Race Report: Harlem Skyscraper Classic Criterium

 Images by:  Ramon Thompson

Images by: Ramon Thompson

The Harlem Skyscraper Classic is my absolute favorite race atmosphere in the whole wide world. Black folks sitting on stoops, enjoying Father's day, soaking in the humid NYC summer sun, hanging out, and having a good time. 

I'm still on a wave of relaxation, a wave a plan to carry into Nationals this weekend. This day was no different. I woke up feeling fine, and although I didn't feel all the way put together, I knew that it was all going to work out. 

My friend Jason was racing in the Cat 4s, so I walked out to the course to watch him race. Luckily he lives a block away and is often lets me sleep on his couch so the commute to the race was a breeze. 

Unfortunately for Jason, he got caught up in a crash that took him out of contention. Never a fun occurrence, but he didn't go down and didn't get hurt.

By the time my race rolled around, I was a full disorganized mess, but still somehow relaxed. I ran into Justin Williams who gave me some really good tips, nothing I didn't know, but everything I needed to hear in that moment. His words helped to ground me, I felt ready. 

I kept running into old faces, each person checking in and making sure I had everything I needed. By the time we started the race, I had a full ice sock (Thanks Cesar and Natalie!), extra gels, and a pro pin job (Thanks Carol- Lynn!).

We did the normal stampede to the start line. A thing that really stood out to me, was instead of the Star Spangled Banner, the singer sang America the Beautiful. I could not stop smiling. Usually it was a seemingly small gesture, but I'd never felt so unified at the start line. In light of everything happening with the NFL, I truly appreciated it. 

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Now, the race! The lap counter was set to 45. They blew the whistle, and we were off! My goals going into this crit was to stay on my toes, and always move up. "if you're not moving forward, you're moving backward." I spent the first few laps figuring out the flow of the group, the sketchy spots on the road, and the open spaces on the course that were good for moving forward. I was really stoked to find myself floating between the front and mid-pack for most of the race.

There was a nasty bump in turn 3 that would bounce your booty right off of the saddle, but luckily it wasn't enough to take anyone out. There were also some spots where the course pinched during the straight aways, but everyone did a pretty good job of making space. The thing about racing in a tight pack at 25 miles per hour is that absolutely no one actually wants to go down, so there is a sense of taking care of each other. You can be aggressive, tenacious, and safe, and as you move up in the categories, you find that the more confident fields are far better at balancing all three.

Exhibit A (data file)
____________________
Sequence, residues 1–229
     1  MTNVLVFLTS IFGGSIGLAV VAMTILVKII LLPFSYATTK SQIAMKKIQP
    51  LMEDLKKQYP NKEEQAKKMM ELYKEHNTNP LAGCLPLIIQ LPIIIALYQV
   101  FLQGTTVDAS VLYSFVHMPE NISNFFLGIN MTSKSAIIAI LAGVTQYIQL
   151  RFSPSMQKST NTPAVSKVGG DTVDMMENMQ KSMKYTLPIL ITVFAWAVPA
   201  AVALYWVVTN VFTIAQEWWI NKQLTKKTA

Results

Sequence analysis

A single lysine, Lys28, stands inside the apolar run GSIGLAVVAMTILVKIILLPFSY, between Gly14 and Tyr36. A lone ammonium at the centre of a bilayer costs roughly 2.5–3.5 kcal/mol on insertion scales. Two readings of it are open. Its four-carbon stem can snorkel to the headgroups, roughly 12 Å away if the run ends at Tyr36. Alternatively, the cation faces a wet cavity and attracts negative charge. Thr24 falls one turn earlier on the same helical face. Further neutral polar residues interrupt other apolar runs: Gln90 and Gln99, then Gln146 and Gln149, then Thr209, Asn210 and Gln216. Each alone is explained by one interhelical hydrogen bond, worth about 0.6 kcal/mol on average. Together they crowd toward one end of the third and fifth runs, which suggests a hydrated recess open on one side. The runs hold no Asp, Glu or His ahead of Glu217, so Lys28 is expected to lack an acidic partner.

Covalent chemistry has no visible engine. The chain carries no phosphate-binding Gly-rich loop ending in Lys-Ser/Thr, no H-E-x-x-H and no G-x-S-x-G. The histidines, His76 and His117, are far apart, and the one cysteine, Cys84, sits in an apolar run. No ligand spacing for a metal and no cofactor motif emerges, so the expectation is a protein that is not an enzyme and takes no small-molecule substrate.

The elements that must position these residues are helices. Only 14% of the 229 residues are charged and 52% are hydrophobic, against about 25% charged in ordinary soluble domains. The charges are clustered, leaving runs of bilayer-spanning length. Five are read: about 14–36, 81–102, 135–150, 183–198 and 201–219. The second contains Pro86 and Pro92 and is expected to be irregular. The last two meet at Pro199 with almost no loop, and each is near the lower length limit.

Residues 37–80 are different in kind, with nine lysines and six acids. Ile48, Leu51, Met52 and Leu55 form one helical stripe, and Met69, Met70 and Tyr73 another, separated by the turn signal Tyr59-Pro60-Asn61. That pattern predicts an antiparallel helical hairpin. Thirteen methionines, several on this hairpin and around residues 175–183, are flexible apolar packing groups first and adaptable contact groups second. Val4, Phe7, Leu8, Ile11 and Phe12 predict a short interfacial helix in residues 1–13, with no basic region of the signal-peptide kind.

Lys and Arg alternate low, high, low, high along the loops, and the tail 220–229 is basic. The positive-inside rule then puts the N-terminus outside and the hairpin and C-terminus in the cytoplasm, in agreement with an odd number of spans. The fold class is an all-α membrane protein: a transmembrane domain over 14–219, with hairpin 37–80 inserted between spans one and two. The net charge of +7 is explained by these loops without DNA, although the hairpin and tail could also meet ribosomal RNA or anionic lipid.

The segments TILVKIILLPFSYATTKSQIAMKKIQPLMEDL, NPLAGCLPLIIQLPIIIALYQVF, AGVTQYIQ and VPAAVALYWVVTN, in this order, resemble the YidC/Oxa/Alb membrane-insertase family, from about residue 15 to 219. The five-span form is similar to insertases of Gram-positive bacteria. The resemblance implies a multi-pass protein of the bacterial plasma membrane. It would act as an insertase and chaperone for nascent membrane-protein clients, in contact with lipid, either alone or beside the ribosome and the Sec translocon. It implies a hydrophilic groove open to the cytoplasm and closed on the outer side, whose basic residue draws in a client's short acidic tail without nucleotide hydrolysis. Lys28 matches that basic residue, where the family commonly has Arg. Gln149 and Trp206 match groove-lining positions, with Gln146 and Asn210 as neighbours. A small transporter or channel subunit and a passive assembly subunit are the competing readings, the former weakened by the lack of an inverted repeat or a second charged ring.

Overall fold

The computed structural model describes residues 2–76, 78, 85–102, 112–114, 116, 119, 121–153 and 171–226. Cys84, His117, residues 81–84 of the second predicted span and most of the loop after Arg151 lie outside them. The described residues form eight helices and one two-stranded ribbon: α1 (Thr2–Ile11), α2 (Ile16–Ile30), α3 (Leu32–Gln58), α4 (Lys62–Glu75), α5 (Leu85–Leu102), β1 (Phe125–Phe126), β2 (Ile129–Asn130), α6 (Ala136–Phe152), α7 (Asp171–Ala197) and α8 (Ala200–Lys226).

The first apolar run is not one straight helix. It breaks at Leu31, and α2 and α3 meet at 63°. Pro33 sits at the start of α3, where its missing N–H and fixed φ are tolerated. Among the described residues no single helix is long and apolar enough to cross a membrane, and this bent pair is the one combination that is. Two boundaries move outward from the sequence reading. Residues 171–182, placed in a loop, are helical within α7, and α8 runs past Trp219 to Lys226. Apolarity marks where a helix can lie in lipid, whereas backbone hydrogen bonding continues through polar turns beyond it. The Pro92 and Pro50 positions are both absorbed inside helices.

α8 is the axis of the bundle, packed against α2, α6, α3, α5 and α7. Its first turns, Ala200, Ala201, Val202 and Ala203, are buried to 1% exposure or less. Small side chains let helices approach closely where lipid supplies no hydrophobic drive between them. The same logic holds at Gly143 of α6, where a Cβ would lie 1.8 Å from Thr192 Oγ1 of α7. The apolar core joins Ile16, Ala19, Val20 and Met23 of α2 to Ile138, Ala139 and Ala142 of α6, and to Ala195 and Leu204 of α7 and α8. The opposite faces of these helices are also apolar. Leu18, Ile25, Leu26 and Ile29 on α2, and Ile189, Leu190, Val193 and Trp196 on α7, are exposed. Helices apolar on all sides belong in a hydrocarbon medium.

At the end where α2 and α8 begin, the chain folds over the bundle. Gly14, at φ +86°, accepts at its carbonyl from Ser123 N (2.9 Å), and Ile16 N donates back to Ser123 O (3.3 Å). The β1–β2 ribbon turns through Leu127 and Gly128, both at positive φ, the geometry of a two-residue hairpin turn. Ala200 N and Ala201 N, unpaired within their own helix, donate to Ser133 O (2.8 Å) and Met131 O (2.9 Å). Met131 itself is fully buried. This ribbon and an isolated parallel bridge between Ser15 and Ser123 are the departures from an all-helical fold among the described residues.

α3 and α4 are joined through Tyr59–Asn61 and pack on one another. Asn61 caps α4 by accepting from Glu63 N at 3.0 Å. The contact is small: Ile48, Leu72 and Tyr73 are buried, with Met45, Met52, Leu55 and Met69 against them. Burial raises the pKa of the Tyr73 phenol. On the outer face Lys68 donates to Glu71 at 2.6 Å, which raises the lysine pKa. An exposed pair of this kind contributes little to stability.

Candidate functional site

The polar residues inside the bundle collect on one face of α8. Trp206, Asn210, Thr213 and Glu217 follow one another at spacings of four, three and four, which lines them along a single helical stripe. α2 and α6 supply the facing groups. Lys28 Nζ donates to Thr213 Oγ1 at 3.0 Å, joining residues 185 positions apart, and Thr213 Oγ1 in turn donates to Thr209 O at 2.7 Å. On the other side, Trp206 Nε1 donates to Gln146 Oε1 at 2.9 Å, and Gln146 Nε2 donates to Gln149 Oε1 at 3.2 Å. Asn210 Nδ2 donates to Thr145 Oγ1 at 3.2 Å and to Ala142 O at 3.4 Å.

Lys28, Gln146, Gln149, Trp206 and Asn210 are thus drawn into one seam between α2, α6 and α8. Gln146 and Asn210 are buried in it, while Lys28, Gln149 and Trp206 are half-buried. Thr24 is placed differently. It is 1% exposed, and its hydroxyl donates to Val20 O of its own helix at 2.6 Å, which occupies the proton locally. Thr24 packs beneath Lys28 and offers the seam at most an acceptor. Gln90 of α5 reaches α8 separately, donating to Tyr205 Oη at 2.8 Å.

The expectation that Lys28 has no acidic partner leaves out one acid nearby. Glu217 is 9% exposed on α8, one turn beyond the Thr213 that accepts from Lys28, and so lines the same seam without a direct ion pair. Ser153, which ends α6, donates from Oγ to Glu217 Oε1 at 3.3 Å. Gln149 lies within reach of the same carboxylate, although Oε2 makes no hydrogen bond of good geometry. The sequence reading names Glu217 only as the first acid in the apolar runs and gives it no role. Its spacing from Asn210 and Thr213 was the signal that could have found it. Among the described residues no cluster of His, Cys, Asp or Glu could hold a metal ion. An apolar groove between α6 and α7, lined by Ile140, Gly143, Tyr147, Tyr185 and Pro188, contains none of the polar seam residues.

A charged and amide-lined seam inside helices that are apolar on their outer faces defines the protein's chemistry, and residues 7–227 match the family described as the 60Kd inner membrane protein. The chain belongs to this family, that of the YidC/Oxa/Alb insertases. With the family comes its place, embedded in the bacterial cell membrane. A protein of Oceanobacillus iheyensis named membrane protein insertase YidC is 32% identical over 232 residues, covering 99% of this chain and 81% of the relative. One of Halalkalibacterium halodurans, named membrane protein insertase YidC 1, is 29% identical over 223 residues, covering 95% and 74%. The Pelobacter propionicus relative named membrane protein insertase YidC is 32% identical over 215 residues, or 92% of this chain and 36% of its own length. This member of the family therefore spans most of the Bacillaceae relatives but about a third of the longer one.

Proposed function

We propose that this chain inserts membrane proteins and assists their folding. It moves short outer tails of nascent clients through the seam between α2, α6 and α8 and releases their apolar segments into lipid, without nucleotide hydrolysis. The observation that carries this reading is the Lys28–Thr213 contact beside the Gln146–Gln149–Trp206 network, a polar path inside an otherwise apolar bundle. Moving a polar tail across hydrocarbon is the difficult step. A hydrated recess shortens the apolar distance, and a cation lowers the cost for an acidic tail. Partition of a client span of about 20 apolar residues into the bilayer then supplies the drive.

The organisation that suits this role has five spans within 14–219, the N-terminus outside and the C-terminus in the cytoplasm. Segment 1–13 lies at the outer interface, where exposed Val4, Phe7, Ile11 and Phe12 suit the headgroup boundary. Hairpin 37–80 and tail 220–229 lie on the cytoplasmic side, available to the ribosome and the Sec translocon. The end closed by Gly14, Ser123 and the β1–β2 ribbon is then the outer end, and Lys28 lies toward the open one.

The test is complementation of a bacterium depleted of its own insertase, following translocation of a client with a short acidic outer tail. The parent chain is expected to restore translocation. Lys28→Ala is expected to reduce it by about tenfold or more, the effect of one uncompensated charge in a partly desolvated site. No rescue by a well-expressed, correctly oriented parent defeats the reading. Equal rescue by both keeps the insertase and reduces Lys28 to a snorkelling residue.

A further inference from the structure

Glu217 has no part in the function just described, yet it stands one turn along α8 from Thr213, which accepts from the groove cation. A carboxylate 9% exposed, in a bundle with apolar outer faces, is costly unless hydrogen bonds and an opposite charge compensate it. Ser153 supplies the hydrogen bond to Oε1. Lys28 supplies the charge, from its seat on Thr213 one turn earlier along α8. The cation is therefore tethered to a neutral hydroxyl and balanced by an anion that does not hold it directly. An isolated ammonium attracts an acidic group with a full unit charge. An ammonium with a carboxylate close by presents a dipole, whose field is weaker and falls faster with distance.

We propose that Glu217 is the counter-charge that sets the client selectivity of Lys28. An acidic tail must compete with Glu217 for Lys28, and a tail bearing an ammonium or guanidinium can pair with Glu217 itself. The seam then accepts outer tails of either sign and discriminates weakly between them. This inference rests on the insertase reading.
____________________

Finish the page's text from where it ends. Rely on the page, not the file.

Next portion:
I started to do the math on the lap counter, I realized that this race was going to be longer than the typical sixty minutes. I knew my best bet was to stay tucked, stay relaxed, and stay as far front as possible. I think for the most part, I did a really good job of doing that.

At some point, two of the women made contact, all I heard was metal on metal and I knew the crash was soon to come. Somehow by the miracle of baby Black Jesus, they stayed upright. It was truly impressive. 

In my head I wanted to try to sprint for some of the primes, but I never made my way to the front to make an attempt at the right time. So, I tucked back in. I had the opportunity to take a flyer, but it didn't feel right. I only moved myself to the front because I found myself getting swallowed and spit out of the back of the group. I was happy to see the pointy in of a pro bike race for the first time in a long time. It felt really good. 

With about 3-4 laps to go, there was a crash. As it seems to go recently, I was right behind it. I'm not sure what happened exactly, but I say a girl perpendicular to the course, and that is never a good sign. I made it around, but I was not off the back of the lead pack. 

I chased back on, and was thrilled to still be in the game. I worked on trying to move forward again. The pace was too high, I couldn't get around or through. Eventually I found space and did what I could to move forward. 

I was in there, I hadn't felt this part of a bike race in a while. The pace at the front of the final lap of a pro bike race is one of the most exhilarating experiences. To be honest, I was in disbelief that I was there. I knew that all I had to do was hang on, and I was guaranteed at least to finish top 20. I wasn't as tucked into the pace-line as I should have been, but I was there, I was fighting for it, and I was really excited. The rush of cornering at over 30 mph is just as terrifying as it is fun. 

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We made it around all four corners and I did my goofiest sprint to the finish line. 18th place! It would've cool to see how I could have done if I didn't burn a match chasing back on after the crash, but this was my best race all year, and I was just proud that I didn't give up. Woot!

Nationals is this weekend. I'm doing the crit, and the road race. Wish me luck!

Ayesha McGowanComment